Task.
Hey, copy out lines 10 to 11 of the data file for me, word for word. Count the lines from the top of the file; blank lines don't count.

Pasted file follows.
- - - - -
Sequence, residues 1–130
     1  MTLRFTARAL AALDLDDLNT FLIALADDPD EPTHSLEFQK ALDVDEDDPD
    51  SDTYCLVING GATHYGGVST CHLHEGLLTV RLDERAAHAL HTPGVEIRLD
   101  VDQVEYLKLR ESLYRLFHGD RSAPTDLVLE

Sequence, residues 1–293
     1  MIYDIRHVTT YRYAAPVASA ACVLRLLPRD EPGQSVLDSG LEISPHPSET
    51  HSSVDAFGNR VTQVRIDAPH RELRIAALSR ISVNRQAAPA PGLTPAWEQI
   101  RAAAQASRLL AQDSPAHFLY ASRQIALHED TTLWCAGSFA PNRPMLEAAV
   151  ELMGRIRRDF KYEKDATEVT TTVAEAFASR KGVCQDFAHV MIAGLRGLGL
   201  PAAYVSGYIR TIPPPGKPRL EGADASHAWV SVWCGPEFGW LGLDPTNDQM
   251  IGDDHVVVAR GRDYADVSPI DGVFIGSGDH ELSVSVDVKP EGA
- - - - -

   201  PAAYVSGYIR TIPPPGKPRL EGADASHAWV SVWCGPEFGW LGLDPTNDQM
   251  IGDDHVVVAR GRDYADVSPI DGVFIGSGDH ELSVSVDVKP EGA